But the most disruptive change is grocery delivery. First it was impossible. Then Instacart happened. Now it's not just a 'must have' option but it could become the default method of grocery shopping, at least in urban america.
Within the realm of grocery delivery are curb-side pickup and home delivery. In many densely populated urban cities curb-side pickup is an impossible feature to offer. There simply is no space in many urban centers.
The winds are a changin
Malls are empty. Malls have a lot of parking space. Curb-side pick up even in dense urban cities for small footprint stores is going to be possible.
But this too has limitations. Driving distances to malls, the need to pick up groceries quickly and the sheer inability to keep up with the demand (replenishment of inventory, availability of shoppers for hire) etc. will be some kinks to work out.
With grocery, the additional challenge is the variance in volume and size of items in the basket across orders. That said, I wonder if distributed dark stores in dense blocks somewhat solve the problem of queuing of time slots.
But what will happen after the pandemic will be over? Will curbside pickup still continue to be in demand?
Curbside or full-fledged home delivery, the common problems are what make delivery prohibitively expensive for retailers.
Grocery has a gross margin problem
The real problem with grocery delivery is people. They can pick, pack and deliver only so fast. As more and more orders pile up they will become less and less effective - crowding, out of stock, fatigue etc. will lead to dis-economies of scale.
It costs about $20 per online order for delivering groceries. That just wipes any chance of profitability.
We have a perfect storm.
The world is getting used to grocery delivery but the grocery retailers are not ready for it. I don’t mean this as a jibe but the stores and warehouses aren’t built for eCommerce. The store workers aren’t warehouse workers. The in-store shoppers that are being hired in the 1000s aren’t really picking and packing experts.
Stores don’t have the stations and equipment to help them do their jobs better.
We are actually stitching the parachutes while descending into coniferous trees. Ouch!
My money is on dark stores that are designed for eCommerce. Actually dark stores is a limiting phrase here. I’d imagine more than repurposed stores. There have to be small footprint warehouses everywhere designed ground-up for robotic picking and packing.
Already, big box retailers are redesigning portions of their stores for in-store picking, packing and delivery. With vertical bins, elegant problem-solving when certain bins go out action, configurability etc. I am told that robotic fulfillment can save as much as 50%-70% of the overall delivery cost. With groceries though, there are issues related to uneven dimensions and variance in sizes. Some items aren't yet good for robotic picking and packing. But like it is the case with everything related to technology, these kinks will be ironed out.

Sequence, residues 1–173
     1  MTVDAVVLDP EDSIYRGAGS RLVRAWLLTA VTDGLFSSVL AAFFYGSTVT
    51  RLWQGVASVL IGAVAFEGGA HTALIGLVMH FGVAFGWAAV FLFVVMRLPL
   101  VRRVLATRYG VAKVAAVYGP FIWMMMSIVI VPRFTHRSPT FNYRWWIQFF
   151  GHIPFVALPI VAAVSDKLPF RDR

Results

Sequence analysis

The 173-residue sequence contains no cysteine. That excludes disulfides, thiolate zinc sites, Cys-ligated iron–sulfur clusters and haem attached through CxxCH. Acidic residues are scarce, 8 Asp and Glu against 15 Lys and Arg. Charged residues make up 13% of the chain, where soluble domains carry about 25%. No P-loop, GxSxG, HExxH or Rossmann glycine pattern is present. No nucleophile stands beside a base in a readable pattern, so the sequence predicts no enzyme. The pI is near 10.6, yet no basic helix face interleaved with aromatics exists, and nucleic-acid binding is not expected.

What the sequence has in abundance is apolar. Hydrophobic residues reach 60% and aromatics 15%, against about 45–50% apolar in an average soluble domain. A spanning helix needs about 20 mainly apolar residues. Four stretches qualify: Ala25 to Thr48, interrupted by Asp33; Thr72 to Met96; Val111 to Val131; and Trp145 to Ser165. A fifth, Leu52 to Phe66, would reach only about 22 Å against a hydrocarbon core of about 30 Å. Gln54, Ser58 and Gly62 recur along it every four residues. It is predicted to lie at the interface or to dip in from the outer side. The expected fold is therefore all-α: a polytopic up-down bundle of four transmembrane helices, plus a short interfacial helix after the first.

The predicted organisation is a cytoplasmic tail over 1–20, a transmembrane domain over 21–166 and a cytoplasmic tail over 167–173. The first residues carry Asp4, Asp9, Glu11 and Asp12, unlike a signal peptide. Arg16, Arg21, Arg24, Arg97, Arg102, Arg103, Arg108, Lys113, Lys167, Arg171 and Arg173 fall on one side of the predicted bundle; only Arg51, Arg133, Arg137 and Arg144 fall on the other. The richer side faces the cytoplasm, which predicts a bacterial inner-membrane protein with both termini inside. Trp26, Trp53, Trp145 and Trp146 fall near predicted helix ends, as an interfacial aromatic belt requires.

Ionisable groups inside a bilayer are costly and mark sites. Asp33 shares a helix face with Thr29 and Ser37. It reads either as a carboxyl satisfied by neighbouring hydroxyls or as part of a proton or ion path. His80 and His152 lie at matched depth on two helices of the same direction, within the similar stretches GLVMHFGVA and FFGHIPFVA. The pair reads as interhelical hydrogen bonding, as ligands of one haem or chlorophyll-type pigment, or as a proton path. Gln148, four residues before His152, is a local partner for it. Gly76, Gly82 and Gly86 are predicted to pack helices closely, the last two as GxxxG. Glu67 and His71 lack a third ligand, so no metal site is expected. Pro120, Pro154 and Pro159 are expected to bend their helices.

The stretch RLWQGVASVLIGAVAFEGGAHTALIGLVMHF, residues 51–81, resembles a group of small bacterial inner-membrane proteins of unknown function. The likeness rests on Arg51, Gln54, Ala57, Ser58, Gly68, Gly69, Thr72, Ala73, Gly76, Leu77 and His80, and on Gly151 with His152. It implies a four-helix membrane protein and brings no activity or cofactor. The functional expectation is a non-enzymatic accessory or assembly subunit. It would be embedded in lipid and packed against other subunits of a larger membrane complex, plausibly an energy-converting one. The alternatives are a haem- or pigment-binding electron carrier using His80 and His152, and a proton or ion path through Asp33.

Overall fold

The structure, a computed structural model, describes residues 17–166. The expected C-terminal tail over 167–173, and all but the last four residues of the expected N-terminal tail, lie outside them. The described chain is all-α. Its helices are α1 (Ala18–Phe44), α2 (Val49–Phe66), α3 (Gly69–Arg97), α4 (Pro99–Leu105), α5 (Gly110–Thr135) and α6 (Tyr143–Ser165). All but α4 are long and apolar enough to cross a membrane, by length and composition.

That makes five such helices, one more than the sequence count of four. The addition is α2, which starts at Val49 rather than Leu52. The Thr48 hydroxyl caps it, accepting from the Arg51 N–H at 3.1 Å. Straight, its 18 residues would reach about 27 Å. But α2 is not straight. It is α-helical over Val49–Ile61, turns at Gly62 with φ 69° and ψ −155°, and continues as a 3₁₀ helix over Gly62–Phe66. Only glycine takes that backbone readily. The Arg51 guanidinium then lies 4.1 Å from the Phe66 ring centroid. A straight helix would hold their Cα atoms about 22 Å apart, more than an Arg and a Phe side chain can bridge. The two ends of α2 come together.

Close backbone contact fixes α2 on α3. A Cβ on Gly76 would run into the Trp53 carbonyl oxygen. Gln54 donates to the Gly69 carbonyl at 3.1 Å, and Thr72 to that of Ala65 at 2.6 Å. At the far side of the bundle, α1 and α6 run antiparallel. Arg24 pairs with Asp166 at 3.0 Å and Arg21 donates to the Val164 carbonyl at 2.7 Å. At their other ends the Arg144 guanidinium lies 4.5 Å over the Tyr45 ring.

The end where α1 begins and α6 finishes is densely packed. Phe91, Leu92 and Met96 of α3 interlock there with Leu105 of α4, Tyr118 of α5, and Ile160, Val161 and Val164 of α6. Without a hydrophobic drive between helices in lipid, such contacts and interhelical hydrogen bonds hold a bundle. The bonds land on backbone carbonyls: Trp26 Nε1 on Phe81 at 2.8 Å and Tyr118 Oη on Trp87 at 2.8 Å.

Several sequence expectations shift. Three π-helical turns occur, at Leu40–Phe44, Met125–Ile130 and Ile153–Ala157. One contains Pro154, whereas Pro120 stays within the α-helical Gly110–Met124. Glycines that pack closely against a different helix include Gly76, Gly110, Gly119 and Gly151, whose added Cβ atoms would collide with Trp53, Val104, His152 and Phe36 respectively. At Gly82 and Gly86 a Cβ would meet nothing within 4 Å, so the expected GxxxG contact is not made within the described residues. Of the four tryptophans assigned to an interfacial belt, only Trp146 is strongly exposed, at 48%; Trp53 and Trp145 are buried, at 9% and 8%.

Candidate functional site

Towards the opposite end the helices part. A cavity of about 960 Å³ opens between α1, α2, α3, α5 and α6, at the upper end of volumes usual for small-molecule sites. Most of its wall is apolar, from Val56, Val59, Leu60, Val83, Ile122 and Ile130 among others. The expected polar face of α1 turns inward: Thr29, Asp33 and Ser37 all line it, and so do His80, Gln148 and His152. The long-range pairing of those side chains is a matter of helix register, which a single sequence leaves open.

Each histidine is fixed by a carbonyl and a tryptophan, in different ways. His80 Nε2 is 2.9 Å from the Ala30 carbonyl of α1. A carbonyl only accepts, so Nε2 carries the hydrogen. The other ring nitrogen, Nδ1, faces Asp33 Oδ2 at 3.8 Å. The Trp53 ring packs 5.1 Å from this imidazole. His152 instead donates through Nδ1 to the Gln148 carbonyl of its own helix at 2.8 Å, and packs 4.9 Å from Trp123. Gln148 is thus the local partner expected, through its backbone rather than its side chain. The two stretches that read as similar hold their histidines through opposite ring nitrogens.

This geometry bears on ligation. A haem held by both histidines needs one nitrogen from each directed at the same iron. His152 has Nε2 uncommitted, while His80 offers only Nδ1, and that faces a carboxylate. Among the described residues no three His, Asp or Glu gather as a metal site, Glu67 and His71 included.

Amazon's automation architecture vs. Instacart's demand prediction algorithms
While I am bullish on dark stores, I am also wondering whose dark stores will we get our groceries from - Amazon or others' powered by Instacart?
There are two problems to solve in grocery delivery:
Picking, packing and (this is unique to groceries) rejecting that gooey lettuce that smells like rotten egg - Everyone (who solves it) does it internally with the help of technology vendors like GreyOrange, Autostore etc. There are dozens, each so cool.
But, there is no 'automated grocery platform' as a service today. Instacart could get into it by acquiring a micro-fulfillment robotics company. Amazon already has the chops but no grocery chain in their right mind will adopt their tech and their dark stores.
So Amazon might just have to federate its warehouse automation tech (acquired from the likes of Kiva, Canvas etc.) to the dark stores it will lease from real estate players who have nothing better to do with them now. To me, this makes more sense than Amazon Go at the moment. But for now, Amazon seems to be tackling grocery delivery through a more traditional small format grocery store.
But what would be truly momentous and could not be ruled out is if Amazon launches a 'Prime equivalent' for restaurants and other food services businesses when the physical world opens up. Amazon's Achilles heel is not warehouse automation or delivery. It is the 'local scale' and 'perishability' that it needs to solve together.
Amazon knows how to embed itself into the technology architecture of other companies. In grocery, it has to integrate its picking, packing, delivery and quality assurance architecture to serve small businesses at scale across America. I don't know if Amazon will do this but the restaurant business can definitely benefit from the savings that comes from giving a large player the economies of scale.
The timing is right.
(Question: Should I do a podcast with guests? Will you listen regularly?)
PipeCandy is a market intelligence platform that tracks the global eCommerce & 'direct to consumer' landscape.
You are receiving this newsletter because you subscribed to newsletter or interacted with the PipeCandy website.